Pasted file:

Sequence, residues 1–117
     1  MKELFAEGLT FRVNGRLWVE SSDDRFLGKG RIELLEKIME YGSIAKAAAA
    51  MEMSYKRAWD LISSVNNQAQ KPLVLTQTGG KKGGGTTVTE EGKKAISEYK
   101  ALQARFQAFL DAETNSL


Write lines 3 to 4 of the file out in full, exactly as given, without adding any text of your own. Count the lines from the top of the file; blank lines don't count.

    51  MEMSYKRAWD LISSVNNQAQ KPLVLTQTGG KKGGGTTVTE EGKKAISEYK
   101  ALQARFQAFL DAETNSL